A Change of Direction for SparkFun?

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        A Change of Direction for SparkFun?
        …and a fully FCC/CE-certified version of their Artemis module
        The module is intended to bridge the “maker to market” gap? Tell us about t
        Building something like this is a big departure for SparkFun?
        How else do you see SparkFun supporting the “pro maker” market?
        Do you see the module as attractive for large companies, beyond the maker m
        Why now? Why make this change?
        Why did you decide on the Ambiq Apollo for the module?
        Tell us about software support for the module?
        Do you see this module as primarily for embedded machine learning?

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        A couple of months back SparkFun did something that the company isn’t that well known for, they released a module .
        Built around the ultra-low-powered Ambiq Micro Apollo 3 processor, the module was intended to bridge the gap from “maker to market,” and from prototype to product .
        Earning approval from both FCC and Industry Canada (IC), as well as its CE certification, means Artemis module is the first entirely US-manufactured, open source, FCC/CE/IC-certified Bluetooth LE module on the market.
        It also indicates a big departure for SparkFun. Traditionally known for their breakout boards, and maker projects, aimed at hobbyists the company isn’t known for this sort of thing.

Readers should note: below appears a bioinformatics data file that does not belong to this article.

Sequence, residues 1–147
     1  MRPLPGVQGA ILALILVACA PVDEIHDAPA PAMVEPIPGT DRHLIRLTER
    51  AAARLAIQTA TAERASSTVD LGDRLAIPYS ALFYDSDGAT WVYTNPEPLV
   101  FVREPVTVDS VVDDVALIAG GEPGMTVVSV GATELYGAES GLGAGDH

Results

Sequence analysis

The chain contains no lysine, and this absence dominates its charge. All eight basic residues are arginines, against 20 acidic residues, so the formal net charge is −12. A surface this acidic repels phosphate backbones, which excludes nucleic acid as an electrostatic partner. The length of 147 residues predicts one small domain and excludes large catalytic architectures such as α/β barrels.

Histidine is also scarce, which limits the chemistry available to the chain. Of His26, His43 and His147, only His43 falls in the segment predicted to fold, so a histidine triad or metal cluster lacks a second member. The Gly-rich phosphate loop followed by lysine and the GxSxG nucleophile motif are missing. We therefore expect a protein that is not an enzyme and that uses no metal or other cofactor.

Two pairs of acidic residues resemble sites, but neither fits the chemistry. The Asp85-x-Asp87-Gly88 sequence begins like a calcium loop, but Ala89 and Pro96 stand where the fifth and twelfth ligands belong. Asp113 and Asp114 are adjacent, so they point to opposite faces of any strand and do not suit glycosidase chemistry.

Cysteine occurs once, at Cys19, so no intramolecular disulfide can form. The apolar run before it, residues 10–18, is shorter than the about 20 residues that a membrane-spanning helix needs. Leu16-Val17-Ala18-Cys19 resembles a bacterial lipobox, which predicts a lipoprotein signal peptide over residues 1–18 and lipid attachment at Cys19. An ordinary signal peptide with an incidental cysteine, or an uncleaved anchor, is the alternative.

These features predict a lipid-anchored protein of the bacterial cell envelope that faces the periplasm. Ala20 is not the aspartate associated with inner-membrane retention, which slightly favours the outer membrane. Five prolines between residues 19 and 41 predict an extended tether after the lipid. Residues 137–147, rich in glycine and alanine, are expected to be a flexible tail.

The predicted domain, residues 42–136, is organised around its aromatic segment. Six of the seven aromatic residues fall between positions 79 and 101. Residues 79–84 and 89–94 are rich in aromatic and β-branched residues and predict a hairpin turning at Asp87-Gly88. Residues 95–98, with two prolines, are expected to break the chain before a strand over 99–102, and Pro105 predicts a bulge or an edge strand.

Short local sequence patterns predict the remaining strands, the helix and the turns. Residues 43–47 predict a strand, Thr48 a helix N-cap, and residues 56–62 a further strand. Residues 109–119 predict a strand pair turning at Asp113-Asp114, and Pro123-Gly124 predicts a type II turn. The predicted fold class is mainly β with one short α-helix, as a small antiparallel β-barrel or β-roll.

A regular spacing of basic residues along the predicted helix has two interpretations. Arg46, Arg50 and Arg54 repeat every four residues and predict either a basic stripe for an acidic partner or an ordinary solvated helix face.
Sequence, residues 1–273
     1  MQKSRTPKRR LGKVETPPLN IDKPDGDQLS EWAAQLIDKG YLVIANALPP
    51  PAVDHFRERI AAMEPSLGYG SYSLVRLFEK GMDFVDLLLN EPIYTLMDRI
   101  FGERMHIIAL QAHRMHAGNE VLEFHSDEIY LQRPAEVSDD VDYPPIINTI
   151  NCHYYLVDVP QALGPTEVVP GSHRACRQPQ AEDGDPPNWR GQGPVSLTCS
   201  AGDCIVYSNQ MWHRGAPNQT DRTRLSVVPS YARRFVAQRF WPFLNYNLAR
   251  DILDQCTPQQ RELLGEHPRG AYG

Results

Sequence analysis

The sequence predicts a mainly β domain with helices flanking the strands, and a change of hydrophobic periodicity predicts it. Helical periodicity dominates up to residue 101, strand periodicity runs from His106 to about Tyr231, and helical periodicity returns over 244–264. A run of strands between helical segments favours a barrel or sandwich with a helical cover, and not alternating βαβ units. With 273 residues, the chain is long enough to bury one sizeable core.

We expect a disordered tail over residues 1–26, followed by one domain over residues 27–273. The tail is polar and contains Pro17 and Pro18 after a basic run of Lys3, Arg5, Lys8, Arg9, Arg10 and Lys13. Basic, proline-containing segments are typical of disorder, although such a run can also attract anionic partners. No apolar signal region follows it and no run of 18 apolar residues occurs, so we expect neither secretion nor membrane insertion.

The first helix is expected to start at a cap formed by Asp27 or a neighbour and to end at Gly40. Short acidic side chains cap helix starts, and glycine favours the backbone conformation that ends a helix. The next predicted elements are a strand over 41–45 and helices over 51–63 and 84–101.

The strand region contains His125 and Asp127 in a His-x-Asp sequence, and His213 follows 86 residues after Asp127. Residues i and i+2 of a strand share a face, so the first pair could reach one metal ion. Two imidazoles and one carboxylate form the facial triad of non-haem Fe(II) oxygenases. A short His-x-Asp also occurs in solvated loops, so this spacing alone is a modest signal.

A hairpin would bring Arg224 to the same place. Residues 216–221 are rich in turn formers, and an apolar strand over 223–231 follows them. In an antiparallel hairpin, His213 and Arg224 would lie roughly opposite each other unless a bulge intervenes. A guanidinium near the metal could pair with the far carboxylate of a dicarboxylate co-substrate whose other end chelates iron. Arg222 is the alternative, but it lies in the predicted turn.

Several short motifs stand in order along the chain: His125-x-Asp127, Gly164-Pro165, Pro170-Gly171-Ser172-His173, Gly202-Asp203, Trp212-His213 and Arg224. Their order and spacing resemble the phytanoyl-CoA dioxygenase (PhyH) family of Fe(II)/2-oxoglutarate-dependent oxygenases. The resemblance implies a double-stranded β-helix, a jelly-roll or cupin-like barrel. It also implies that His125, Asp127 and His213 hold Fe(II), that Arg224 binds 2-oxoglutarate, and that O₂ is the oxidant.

Earning approval from both FCC and Industry Canada (IC), as well as its CE certification, means Artemis module is the first entirely US-manufactured, open source, FCC/CE/IC-certified Bluetooth LE module on the market.
        It also indicates a big departure for SparkFun. Traditionally known for their breakout boards, and maker projects, aimed at hobbyists the company isn’t known for this sort of thing.

        The certified version of the SparkFun Artemis module.
        So we sat down with Nathan Seidle, the founder of SparkFun, to talk about what this means for SparkFun, the Artemis module itself, and how he sees it fitting into the maker and wider micro-controller marketplace.
        We chose the Apollo 3 for Artemis because it’s amazing, but we invested a ton of work into the Arduino core so that the entry level person would never know the difference between Artemis and an Uno. That is until they needed to go to scale; it’s far easier to use Artemis and our tool chains to do a commercial product.”
        The electronics industry is getting smaller which is why SparkFun exists (making hard to access electronics easy) so it’s good to know we don’t need to slow down because ICs or tool chains are getting more complex.”
        Introducing the SparkFun Artemis Module BLE Cortex-M4F.
        “I had this cheeky friend [I was walking around with the prototype for the SparkFun Edge board in my laptop bag for a month —Al.] who thought it would be a great idea to try to run machine learning on a micro-controller that no one had heard of


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